Westport rehab center closure: What we know
WESTPORT — It has been over a month since the Westport Rehabilitation Complex’s community was met with surprise when learning the place they called home could be closing. The ongoing process has left residents waiting to find out the future of the facility.
Here’s what you need to know.
Why is the rehab center closing?
On May 22, occupants of the Westport Rehabilitation Complex were notified the facility plans to submit a certificate of need application to cease operations. The application will be filed with Connecticut Department of Social Services.
R.B. Bridges, chief operating officer of Traditions Senior Management, said his company took over the property in 2015. However, revenue from the facility has been unable to cover the costs, which he said was mostly wages and benefits.
Bridges said costs unfortunately exceeded the revenues or reimbursement and the difficult decision to close the facility had to be made.
When would the building close and what is the process?
David Dearborn, communications director for DSS, said there is a statutory process governing and how, and if, a skilled nursing facility can close. After a letter of intent is received, his department reviews the CON application and determines whether the facility may close.
Dearborn said the decision depends, in part, on availability of nursing facility beds in the geographical area. Typically requests by nursing facilities to close results in approvals to do so, he said.
During this process, DSS collaborates with the Department of Public Health and also the state Long-Term Care Ombudsman’s office, which is affiliated with the state Department of Rehabilitation Services.
Dearborn said in the event of closure approval, these agencies work together with the facility, residents and family members in discharge and transfer planning. Residents could be relocated to other nursing homes in the area or a community home setting through the state’s “Money Follows the Person” program, he said.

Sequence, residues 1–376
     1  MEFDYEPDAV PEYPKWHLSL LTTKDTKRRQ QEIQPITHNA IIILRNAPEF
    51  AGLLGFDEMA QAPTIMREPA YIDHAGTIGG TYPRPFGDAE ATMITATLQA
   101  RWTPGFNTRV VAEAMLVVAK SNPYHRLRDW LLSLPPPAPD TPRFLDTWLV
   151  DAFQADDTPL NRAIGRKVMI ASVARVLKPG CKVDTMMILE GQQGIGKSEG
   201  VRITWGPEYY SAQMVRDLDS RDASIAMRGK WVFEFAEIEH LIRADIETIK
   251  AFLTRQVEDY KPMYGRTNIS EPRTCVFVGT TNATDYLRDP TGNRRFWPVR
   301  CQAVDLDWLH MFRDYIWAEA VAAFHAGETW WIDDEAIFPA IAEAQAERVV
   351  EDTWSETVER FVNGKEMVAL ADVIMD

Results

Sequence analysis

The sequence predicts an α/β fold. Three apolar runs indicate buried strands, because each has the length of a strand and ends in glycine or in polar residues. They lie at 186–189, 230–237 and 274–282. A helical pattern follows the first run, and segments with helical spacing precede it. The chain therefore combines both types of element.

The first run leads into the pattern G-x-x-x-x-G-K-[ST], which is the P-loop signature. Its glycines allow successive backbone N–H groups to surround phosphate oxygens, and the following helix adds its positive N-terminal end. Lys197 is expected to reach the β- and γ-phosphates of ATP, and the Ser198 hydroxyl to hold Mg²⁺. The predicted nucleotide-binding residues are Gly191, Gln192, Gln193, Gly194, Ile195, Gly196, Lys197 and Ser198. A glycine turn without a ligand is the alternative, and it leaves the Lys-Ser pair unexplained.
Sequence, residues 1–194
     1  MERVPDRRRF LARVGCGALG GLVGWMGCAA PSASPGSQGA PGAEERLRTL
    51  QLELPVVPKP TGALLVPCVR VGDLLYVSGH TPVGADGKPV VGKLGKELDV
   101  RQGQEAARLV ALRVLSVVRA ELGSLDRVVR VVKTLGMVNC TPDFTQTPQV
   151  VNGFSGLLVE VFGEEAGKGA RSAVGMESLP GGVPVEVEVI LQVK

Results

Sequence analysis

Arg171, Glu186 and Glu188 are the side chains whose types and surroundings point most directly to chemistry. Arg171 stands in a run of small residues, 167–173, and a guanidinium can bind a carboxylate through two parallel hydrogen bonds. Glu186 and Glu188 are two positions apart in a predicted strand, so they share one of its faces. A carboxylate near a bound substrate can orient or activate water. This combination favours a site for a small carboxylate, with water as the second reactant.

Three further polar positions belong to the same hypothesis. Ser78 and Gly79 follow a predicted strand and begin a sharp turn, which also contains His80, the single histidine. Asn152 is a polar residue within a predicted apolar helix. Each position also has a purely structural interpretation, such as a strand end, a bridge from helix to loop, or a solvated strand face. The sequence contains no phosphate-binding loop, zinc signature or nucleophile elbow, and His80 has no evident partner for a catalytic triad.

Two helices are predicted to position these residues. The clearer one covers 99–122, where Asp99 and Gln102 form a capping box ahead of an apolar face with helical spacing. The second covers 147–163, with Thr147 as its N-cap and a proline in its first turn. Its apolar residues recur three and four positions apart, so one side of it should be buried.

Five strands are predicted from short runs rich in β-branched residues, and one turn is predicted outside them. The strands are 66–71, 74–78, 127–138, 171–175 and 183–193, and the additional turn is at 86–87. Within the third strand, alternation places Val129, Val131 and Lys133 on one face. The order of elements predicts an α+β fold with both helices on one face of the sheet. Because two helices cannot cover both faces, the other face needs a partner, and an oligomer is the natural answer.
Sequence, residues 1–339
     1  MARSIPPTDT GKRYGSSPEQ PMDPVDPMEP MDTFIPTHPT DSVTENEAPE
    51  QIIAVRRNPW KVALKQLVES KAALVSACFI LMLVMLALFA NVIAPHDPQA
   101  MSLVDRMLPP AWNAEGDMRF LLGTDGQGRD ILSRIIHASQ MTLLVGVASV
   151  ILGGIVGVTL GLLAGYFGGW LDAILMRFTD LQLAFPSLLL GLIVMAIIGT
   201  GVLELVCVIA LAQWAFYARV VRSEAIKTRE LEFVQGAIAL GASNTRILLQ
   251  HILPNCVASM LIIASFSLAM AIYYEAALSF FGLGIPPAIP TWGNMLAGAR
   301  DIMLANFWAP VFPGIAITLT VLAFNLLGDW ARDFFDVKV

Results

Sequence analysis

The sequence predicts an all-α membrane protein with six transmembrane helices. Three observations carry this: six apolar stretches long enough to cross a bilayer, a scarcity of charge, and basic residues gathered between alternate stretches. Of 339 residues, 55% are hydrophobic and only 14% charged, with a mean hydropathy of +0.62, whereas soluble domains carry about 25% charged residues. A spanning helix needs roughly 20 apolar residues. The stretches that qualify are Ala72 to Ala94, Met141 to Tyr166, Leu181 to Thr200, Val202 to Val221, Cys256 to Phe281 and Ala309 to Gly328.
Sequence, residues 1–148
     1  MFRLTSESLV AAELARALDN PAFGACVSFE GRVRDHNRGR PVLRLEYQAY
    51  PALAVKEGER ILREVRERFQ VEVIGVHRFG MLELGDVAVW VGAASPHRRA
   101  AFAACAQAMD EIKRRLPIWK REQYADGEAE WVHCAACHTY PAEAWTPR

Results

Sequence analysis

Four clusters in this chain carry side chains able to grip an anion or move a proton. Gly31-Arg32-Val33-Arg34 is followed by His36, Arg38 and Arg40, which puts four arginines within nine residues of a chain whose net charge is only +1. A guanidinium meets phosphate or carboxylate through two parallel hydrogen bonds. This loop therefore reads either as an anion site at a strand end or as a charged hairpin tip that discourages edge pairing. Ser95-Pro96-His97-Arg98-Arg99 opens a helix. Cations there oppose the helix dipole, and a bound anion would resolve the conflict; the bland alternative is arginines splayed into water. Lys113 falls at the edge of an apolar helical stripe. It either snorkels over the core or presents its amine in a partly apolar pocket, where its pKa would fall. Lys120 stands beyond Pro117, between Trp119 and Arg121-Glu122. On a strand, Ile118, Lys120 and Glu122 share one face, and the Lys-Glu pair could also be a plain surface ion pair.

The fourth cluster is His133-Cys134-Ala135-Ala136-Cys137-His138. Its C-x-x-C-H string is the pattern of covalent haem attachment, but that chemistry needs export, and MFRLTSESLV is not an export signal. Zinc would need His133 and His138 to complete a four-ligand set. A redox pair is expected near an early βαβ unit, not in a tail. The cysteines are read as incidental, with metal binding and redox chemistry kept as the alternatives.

According to DSS member Rich Wysocki a 60-day notice has to be provided to the federal government prior to the facility closing. According to a letter provided to residents the facility looks to cease operations in late 2019.
What is the future for the building?
While a CON application has not been filed yet, the owners of the building may be looking for other uses. A proposal by 1 Burr Road LLC to turn the rehab center into a high-end hotel was given a pre-application review by the Planning and Zoning Commission on June 6.
Leonard Braman, attorney for 1 Burr Road LLC, said the building’s current use did not produce sufficient revenue to allow for major renovations.
Are there potential legal hurdles?
Westport-Weston Probate Judge Lisa Wexler said in a nursing home there can be both voluntary and involuntarily “conserved” residents.
A person is conserved when they cannot properly provide for their own personal needs. According to Connecticut General Statutes 45a-650, when someone is conserved, they are subject to court oversight. One of the things this means is a conserved person cannot be moved anywhere without court approval, Wexler said.
What facilities are nearby for residents?
Traditions Management owns several facilities in the state. The closest would be Long Ridge Post-acute Care in Stamford and Western Rehabilitation Care Center in Danbury. Other facilities include Ludlowe Center for Health Rehabilitation in Fairfield, Cassena Care At Norwalk, and Hancock Hall in Danbury.
Wysocki said at the Westport Rehabilitation Complex’s public hearing on June 26 if the facility closes, residents would have rights that may supersede waiting lists at another facility.
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DJ Simmons, who can be reached at firstname.lastname@example.org